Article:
While studying English and Anglo-Saxon at St Catherine's College, Oxford, from 1958, Phillips attended life drawing classes at the Ruskin School. This led to his studying art full time at Camberwell School of Art - his first tutor there was the painter Frank Auerbach (father of Jake) - from which he graduated in 1964.

By this time, Phillips was a husband and father: he had married Jill Purdy in 1961: their daughter, Ruth, was born three years later. A son, Leo, followed in 1965, when Phillips - known locally as "Black Tom" for his hair and funereal taste in clothes - was teaching at the Ipswich School of Art. Among his students was the future Roxy Music member Brian Eno, who would become a sometime collaborator.

It was typical of Phillips's polymathic tastes that his main inspiration at the time came not from an artist but a musician, the American composer John Cage. In particular, it was Cage's embracing of the elements of luck and chance in his work, spelled out in his book, Silence, that appealed to Phillips.

With Eno, he invented the game of "sound tennis" - "a kind of hand tennis played in a room full of old pianos, the scoring being based on the noise they made when you hit one of them," Eno recalled, twenty-five years later. "It was rather a good game."

In 1978, he would record Phillips's opera, Irma, based on the still-evolving A Humument.

Phillips's own career, meanwhile, had branched out into yet other forms of art-making. In the late 70s, he had begun work on a new translation of Dante's Inferno, illustrated with his own prints: this was published in 1983. Six years later came A TV Dante, which he co-directed with the avant-garde film maker Peter Greenaway.

By now a Royal Academician - he was elected RA in 1989 - Phillips curated the academy's show Africa: The Art Of A Continent in 1995, before taking over as its chairman of exhibitions. Two years later, he was pilloried for his part in showing Marcus Harvey's painting of the Moors murderer Myra Hindley in the academy's now famous show Sensation.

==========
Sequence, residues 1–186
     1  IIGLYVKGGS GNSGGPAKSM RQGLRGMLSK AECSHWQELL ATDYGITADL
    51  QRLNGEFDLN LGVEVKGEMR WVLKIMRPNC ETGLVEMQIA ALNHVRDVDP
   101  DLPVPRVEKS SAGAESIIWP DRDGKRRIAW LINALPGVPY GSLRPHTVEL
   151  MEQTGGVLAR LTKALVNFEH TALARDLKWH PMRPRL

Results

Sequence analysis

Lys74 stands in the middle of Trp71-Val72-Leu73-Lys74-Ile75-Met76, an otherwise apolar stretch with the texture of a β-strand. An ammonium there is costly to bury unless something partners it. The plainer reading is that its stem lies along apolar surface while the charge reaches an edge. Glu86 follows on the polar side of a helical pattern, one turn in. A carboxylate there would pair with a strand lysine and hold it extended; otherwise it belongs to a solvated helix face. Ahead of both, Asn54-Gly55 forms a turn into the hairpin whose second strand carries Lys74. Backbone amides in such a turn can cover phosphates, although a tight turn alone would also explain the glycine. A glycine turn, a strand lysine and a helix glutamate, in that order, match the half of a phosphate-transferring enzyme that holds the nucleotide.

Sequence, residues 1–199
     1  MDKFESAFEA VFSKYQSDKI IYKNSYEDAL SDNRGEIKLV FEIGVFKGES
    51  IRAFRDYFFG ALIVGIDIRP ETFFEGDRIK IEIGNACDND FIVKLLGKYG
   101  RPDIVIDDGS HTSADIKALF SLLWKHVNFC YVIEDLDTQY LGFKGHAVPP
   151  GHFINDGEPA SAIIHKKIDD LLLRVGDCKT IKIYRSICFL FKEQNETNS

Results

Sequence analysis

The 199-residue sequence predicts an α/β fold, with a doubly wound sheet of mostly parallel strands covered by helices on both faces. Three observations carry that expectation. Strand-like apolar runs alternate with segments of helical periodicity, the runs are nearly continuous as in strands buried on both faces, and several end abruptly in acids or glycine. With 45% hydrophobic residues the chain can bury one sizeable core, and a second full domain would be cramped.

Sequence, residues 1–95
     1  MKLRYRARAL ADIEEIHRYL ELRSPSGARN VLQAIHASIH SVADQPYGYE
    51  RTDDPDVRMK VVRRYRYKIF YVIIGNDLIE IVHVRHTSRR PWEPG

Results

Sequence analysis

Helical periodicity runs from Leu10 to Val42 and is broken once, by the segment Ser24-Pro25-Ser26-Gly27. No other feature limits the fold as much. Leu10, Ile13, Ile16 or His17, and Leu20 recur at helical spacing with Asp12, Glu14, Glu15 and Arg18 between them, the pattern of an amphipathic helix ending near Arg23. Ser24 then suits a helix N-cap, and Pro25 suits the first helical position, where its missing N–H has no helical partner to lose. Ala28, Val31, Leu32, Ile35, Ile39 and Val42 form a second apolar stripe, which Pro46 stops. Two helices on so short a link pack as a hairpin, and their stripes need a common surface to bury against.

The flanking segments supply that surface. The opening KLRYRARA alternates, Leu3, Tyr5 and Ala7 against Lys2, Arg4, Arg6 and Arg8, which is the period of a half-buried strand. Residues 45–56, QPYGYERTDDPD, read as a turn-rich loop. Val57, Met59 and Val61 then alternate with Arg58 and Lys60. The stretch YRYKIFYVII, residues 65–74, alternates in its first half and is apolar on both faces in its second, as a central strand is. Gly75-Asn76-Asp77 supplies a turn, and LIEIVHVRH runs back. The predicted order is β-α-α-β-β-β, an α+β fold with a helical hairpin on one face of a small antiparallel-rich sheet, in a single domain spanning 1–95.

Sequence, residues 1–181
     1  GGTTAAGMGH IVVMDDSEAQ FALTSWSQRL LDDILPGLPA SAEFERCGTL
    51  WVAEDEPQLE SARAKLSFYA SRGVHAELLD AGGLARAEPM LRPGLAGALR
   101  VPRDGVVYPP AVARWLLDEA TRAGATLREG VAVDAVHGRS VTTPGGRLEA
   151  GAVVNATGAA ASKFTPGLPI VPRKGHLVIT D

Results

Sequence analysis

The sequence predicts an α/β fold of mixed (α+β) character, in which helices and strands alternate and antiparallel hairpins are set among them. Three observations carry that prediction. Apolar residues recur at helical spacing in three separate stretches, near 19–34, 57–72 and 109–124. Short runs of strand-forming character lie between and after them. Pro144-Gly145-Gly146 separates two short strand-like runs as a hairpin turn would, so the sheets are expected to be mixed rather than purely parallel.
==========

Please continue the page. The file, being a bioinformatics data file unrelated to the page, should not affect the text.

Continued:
Then there was design. In 2000, with the sculptor Antony Gormley, Phillips came up with ideas for street furniture for an urban renewal project in the area around his studio in Peckham. This was followed, in 2003, by a commission from the Royal Mint for a £5 coin marking the fiftieth anniversary of the coronation, and then, in 2011, for another gold medal, co-designed with Sir Anthony Caro, to commemorate the London Olympics.

In between all of this, Phillips managed to paint portraits of his friends among the great and good (Eno, Iris Murdoch, Samuel Beckett, Pete Townshend) - he had a solo exhibition at the National Portrait Gallery in 1989 - design album covers and menus for the Ivy, be made Slade professor of fine art at Oxford (2005-06), write a book on music in painting and play cricket at the Oval (for his fiftieth birthday). In 2000 he published The Postcard Century, a history of the twentiethth century told through two thousand postcards and their messages. Much of his work is now held in the Massimo and Francesca Valsecchi collection at the Palazzo Butera in Palermo, Sicily.

He was appointed CBE in 2002. His first marriage ended in 1988, and seven years later he married Fiona Maddocks, now the music critic of the Observer.

In spite - or, perhaps, because - of all this, his name remained unexpectedly little known. He found his exclusion from dictionaries of twentieth-century art hurtful. "I'm not even in this one," he would sigh, thumbing plaintively, adding, "I'm quite a well-known artist, you know."

For all that, his life was more than adequately recorded in his own work of reference, which was A Humument. Like his house in Peckham, bought by his mother and in which Phillips lived from 1984, the book provided a still point to a constantly turning world. Life's big moments - love, marriage, divorce, death - all turn up in the narrative, encrypted or occasionally openly.

In a page from the late '90s, dedicated to Fiona, he wrote: "You in mine fused. A life lived for perfect love. My rose of triumph. My authoress. My cause. Give me tomorrow."

He maintained his rigorous working practice to the end of his life. In September he published Humbert, after Humbert Wolfe's Cursory Rhymes (1927) - "a perfect canvas for creative intervention" - and in October an illustrated edition of TS Eliot's The Waste Land. The day before his death he finished a jewel-like collage created from the pages of one of his favourite publications, the New Scientist.

He is survived by Fiona, his children, Ruth and Leo, and by Fiona's two daughters.

Tom (Trevor Thomas) Phillips, painter, writer and composer, born May 24, 1937; died November 28, 2022